My big present was an All-American 921 - 21 Qt. pressure canner. This bad boy is made with the engineer in mind. As you can see in the picture it is structurally over designed, is able to can 19-pints at one time and even has redundant pressure measurement. Best of all it is made in the USA in Manitowoc, WI at the Wisconsin Aluminum Foundary.
|The All-American in use. I used the camper stove since it was gas.|
|13 pints of freshly canned beef and venison.|
I did also manage to work in a few sustainable agriculture related items:
On January 7, I went to the North Dakota Grazing Coalitions Winter Grazing Workshop in Bismarck and the next day attended the Burleigh Co. Soil Health Workshop also in Bismarck. Put on by the Burleigh County Soil Conservation District. This group is on the cutting edge of innovation in building soil health and they are in demand all over the country and world to speak on the subject. Their website contains a wealth of information, and case studies on how farmers and ranchers are building soil health. And the farmers are very profitable as they do it. Several of them have reduced their comercial fertilizer and herbacide applications to practically zero while increasing their yields by over 40%. This really helps the bottom line. Paul Brown son of Gabe Brown was one of the speakers.
On the way back home I stopped in at Paradox Farms, checked out the winter greenhouse and tried my hand at grinding feed and straw.
|The big trays are trays of fodder being sprouted and the narrow|
trays are various winter salad greens that have recently been planted
|Here is the set-up in the "Reality Greenhouse". We feasted on the salad |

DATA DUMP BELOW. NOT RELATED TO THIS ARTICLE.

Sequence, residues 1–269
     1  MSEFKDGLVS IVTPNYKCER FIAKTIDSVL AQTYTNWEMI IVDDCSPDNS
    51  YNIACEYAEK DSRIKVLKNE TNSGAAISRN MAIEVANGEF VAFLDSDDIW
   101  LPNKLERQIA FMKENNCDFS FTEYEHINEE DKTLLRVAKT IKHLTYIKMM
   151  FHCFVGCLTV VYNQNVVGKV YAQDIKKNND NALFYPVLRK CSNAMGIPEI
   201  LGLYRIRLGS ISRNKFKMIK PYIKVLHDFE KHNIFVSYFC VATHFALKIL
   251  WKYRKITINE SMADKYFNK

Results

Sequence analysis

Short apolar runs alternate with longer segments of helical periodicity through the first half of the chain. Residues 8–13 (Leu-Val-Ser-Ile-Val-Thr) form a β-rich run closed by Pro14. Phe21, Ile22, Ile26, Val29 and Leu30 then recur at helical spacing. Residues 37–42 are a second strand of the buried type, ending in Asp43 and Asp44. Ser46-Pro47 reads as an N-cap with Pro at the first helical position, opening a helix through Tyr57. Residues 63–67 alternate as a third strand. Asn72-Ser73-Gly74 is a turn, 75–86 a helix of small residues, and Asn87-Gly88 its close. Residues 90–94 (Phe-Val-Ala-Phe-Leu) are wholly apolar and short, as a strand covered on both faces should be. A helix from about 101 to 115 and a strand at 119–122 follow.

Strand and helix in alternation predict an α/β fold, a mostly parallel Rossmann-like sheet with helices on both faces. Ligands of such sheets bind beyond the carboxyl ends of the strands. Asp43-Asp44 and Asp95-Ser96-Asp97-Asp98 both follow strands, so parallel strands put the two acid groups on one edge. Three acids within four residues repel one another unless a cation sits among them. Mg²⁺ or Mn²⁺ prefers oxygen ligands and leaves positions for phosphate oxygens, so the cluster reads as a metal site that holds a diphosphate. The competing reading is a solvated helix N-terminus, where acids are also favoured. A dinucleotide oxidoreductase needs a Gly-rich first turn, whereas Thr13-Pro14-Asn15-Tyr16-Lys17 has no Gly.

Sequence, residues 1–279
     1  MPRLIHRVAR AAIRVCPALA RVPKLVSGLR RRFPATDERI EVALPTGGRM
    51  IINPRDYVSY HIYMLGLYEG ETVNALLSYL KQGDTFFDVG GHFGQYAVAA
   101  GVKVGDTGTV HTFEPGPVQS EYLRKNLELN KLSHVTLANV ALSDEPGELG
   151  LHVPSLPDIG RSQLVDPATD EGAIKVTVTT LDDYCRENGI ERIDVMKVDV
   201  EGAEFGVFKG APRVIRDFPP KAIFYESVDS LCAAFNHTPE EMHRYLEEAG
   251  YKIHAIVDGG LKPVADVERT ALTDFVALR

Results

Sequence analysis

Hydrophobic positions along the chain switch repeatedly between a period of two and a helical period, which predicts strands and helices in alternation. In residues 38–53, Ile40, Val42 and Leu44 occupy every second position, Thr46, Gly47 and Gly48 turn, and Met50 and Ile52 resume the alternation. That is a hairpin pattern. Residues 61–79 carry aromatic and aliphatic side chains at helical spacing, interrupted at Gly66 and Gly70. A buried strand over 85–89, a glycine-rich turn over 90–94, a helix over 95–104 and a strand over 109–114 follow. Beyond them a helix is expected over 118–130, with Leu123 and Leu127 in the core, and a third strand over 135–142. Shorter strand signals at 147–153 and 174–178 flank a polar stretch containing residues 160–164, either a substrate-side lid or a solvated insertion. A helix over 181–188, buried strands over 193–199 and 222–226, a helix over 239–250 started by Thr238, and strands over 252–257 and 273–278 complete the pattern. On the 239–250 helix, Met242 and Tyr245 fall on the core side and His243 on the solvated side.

greens for lunch, they were very good. The greenhouse gets into the 80's
and then a fan turns on to vent some of the heat outside so it doesn't get too hot.
|I believe the trays of fodder where wheat and/or rye and field peas.|
We fed some to the cows, goats and chickens and they gobbled it up.
The milk from the cows was back to summer quality and I am told
the eggs where also back to summer orange yolks.
|Chopping straw for bedding. This makes the straw more absorbent.|
It also gives you a greater volume of bedding material so a bale goes further.
|Here I am grinding shelled corn with a roller mill. The mill was|
re-purposed from a silo unloader set-up.
|Goat Boys checking out the action|
|This is a Hero seed cleaner. The video below shows it in action|
The cleaned seed comes out on the right..
Thursday and Friday I took in the Minnesota Organics Conference in St. Cloud. This event is organized by the Minnesota Department of Ag. There where a lot of very informative workshops from chicken processing rules livestock genetics and field crop weed control, and a great tradeshow floor. The food and snacks were all organic and very tasty.
On Saturday one of our instructors, myself and another classmate were interviewed on AM950 Food Freedom Radio, regarding the Colleges Plans to mothball the Sustainable Food Production Program at M-State Fergus Falls. If you are interested in listening to the interview go to the AM950 website and search for the Saturday January 12, Freedom Radio Program podcast. It takes a little bit of effort to find it.